Saving Our Architectural Heritage: The Conservation of Historic Stone Structures

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N. S. Baer, R. Snethlage
Wiley, Apr 3, 1997 - Architecture - 448 pages
It has become obvious that public policy will play a critical role in determining what portion of our architectural heritage will be passed on to future generations and what portion will be lost to deterioration, development, and natural hazards. In developed nations, as much as 10% of the built environment is deemed of sufficient cultural and historic importance to be given local or national listing. At the international level, UNESCO maintains a World Heritage List that includes many stone monuments. While the past two decades have witnessed a growing body of research devoted to understanding the fundamental mechanisms of damage to stone and to developing strategies for the conservation of stone, virtually no research has been conducted on the quantification of the economic role of stone buildings and structures as well as the valuation of cultural property.
In order to introduce the tools and methods of economic analysis to the public policy debate on the preservation of cultural property, a multidisciplinary team of physical scientists worked with social scientists to explore how societal, economic, and ethical considerations might be integrated with technological options to lead to informed policy decisions. Recognizing that economic analyses must rest on firm technical data and sound conservation options, the state of our knowledge of mechanisms and rates of damage, the diagnosis of condition, and the evaluation of treatment options were subjected to critical review; special attention was given to the identification of promising, innovative areas of research.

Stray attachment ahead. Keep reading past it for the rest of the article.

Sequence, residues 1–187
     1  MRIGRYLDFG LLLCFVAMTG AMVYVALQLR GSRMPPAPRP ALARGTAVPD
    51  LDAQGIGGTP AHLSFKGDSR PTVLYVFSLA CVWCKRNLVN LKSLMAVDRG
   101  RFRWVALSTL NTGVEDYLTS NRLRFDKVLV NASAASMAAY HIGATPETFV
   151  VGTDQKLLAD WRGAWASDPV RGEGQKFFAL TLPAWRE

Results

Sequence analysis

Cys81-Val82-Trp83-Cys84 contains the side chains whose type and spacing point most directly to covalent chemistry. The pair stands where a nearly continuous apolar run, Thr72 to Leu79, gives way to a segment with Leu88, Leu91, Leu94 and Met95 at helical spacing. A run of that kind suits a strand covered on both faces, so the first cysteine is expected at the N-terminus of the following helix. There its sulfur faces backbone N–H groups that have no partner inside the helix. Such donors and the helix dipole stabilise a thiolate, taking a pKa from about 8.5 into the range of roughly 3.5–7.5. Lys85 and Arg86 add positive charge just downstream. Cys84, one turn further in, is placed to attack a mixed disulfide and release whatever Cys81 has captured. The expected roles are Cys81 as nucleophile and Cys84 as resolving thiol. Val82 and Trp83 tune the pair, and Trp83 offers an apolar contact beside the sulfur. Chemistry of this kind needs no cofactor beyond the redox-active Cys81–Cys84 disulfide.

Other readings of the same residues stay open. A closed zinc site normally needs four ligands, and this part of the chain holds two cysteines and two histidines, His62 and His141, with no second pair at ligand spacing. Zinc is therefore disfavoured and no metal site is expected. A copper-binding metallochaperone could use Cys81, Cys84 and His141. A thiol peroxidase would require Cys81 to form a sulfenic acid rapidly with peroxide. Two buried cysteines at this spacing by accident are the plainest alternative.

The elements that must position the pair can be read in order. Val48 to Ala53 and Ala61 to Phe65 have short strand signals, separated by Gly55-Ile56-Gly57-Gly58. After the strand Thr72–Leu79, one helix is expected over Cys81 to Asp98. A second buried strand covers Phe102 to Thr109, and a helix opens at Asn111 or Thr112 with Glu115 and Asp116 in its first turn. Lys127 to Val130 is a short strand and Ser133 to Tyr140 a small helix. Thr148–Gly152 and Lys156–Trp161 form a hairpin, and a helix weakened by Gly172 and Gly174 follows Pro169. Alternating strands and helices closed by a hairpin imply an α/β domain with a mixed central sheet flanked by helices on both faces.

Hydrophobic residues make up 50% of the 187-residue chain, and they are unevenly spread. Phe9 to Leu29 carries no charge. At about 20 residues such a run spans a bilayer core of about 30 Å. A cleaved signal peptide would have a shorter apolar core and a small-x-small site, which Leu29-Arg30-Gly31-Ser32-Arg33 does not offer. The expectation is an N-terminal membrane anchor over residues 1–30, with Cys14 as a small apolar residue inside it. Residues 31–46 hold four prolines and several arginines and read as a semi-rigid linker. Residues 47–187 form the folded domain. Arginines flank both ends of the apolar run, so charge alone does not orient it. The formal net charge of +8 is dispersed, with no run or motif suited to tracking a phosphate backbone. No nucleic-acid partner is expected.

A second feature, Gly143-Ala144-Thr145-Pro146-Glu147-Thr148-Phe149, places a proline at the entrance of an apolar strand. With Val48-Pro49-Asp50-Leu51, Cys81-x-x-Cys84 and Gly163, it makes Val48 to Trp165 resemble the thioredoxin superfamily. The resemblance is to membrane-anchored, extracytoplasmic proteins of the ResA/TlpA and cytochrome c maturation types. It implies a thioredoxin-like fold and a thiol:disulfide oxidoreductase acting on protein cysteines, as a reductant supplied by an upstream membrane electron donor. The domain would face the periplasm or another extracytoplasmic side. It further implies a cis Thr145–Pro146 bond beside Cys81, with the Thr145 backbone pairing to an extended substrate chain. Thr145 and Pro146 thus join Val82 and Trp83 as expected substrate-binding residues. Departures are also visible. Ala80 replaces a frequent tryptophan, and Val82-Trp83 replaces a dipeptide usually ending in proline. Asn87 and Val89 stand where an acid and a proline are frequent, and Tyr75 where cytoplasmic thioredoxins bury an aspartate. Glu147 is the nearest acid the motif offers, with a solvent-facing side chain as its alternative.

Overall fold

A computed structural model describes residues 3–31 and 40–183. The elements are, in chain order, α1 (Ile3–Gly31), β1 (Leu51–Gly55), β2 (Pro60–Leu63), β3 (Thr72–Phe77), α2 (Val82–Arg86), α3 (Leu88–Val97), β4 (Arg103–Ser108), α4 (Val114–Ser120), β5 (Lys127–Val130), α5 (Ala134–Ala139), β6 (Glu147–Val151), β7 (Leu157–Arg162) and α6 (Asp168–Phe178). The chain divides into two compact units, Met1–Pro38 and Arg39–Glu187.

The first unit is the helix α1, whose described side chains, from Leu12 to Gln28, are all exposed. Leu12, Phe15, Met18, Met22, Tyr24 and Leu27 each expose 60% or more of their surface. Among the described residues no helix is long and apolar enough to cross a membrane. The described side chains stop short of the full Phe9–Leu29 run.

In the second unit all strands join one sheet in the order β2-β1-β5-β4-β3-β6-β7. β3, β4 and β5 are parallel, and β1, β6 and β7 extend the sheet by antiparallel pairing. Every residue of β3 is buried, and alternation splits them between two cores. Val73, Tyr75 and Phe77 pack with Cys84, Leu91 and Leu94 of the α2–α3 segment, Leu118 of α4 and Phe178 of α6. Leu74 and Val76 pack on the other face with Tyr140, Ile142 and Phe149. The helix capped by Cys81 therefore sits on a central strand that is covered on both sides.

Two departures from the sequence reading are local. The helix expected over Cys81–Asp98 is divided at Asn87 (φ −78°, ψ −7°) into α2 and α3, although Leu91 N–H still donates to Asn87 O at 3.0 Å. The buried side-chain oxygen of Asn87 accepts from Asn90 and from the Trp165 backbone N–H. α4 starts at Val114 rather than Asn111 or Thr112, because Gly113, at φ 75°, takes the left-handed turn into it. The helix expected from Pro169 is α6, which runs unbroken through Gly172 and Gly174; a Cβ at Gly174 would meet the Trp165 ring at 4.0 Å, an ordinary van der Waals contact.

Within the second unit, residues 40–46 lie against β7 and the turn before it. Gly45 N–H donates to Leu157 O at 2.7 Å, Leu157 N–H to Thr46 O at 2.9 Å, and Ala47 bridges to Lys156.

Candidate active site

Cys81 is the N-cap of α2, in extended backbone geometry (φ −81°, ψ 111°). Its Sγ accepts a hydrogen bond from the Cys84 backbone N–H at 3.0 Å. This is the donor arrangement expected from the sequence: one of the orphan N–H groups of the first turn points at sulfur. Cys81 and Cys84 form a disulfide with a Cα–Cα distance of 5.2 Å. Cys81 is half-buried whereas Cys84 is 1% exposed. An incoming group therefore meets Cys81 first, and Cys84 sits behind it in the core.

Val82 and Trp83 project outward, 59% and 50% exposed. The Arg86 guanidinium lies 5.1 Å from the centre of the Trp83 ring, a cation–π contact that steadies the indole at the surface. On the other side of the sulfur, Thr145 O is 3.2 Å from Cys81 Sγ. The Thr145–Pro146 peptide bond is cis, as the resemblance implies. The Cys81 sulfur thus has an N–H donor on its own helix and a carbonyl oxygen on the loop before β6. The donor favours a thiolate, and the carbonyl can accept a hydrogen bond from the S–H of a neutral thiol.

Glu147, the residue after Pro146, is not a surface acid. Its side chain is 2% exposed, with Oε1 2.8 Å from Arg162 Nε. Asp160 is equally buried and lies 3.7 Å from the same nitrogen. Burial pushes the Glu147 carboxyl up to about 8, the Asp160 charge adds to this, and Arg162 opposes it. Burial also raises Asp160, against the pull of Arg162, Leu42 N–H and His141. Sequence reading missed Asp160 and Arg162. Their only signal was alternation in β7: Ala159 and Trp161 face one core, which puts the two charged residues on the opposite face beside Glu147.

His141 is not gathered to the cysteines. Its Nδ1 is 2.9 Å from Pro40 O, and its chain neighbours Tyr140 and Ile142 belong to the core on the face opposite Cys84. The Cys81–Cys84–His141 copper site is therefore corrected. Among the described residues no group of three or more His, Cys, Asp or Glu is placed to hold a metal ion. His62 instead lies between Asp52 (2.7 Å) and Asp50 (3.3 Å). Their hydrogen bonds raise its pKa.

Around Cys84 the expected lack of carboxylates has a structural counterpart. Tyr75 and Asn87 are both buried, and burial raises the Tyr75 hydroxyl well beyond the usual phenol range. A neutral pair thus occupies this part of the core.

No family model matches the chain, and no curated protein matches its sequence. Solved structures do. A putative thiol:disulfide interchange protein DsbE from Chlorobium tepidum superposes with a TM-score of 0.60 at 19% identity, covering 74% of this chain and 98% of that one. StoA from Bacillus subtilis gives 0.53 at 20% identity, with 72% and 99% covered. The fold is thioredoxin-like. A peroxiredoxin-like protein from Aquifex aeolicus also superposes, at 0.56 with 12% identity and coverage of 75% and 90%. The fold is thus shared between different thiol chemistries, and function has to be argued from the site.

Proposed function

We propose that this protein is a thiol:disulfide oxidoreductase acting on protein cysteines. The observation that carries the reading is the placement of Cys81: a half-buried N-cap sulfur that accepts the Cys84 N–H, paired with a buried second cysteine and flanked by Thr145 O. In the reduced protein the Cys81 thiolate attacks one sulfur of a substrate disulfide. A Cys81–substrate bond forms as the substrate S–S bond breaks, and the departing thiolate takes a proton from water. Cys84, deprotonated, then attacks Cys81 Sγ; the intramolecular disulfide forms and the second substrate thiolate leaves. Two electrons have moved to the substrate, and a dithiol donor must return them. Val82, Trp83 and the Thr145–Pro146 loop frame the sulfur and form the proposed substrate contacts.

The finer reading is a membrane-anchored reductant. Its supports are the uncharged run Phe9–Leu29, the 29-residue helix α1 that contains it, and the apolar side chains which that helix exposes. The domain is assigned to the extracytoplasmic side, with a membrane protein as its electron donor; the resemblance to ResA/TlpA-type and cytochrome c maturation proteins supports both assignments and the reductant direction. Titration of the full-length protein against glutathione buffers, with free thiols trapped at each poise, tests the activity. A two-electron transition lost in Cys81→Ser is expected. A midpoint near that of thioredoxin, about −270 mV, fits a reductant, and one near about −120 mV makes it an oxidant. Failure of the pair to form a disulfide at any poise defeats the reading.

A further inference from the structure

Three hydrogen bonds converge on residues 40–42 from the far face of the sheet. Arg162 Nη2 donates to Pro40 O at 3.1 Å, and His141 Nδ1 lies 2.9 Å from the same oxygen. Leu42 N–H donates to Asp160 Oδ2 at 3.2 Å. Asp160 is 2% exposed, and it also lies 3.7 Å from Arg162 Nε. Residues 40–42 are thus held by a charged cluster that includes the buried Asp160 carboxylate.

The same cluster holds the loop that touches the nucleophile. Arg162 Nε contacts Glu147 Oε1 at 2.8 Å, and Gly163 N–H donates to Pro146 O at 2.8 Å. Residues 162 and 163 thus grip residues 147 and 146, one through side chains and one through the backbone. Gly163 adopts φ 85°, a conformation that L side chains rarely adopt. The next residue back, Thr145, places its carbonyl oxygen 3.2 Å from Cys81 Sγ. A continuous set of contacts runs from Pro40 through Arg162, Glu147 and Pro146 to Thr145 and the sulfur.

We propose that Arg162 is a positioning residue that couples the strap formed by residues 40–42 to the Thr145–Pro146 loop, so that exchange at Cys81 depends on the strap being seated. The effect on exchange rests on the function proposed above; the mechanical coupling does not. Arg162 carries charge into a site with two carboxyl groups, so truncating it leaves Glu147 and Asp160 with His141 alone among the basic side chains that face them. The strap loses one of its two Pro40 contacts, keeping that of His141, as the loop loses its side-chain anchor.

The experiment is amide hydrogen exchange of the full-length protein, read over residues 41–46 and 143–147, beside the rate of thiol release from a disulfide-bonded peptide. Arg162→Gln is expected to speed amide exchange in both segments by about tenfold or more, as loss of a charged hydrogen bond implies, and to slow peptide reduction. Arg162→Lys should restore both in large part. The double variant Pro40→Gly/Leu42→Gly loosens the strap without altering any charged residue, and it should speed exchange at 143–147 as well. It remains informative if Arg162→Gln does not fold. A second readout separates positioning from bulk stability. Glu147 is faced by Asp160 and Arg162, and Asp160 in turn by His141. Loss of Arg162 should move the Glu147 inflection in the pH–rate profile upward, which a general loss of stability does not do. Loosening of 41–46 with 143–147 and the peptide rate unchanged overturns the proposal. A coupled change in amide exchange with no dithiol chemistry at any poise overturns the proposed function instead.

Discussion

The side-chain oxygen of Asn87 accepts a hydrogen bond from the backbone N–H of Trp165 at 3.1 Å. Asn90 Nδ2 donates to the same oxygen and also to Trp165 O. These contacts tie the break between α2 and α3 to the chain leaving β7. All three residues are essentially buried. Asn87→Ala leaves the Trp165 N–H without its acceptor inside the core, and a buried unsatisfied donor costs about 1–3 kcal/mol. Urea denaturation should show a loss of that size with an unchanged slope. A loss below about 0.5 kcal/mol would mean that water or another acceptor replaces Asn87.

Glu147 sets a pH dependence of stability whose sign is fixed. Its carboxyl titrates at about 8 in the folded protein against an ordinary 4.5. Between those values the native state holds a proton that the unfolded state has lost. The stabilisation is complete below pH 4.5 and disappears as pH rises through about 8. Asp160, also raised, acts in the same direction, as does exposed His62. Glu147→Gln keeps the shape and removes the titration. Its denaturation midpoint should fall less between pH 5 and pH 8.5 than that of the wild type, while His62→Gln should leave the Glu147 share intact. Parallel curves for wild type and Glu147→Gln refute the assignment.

This volume represents an important first step in rationalizing the decision-making process for the setting of public policy in the preservation of our architectural heritage. It will be of interest not only to those actively engaged in research and conservation on stone structures, but also to those concerned with urban planning, public policy, economic analysis, and environmental standards setting.
Goal of this Dahlem Workshop: to identify critical gaps in our knowledge of the deterioration mechanisms for treated and untreated historically important stone; to suggest innovative approaches to the study of deterioration mechanisms and novel remedial measures for treated and untreated historically important stone; and to address the socioeconomic factors that determine preservation actions for our architectural heritage.

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Moisture Cycles and Sandstone Degradation
Risk Factors and Their Management
Perspectives on Risks to Architectural Heritage

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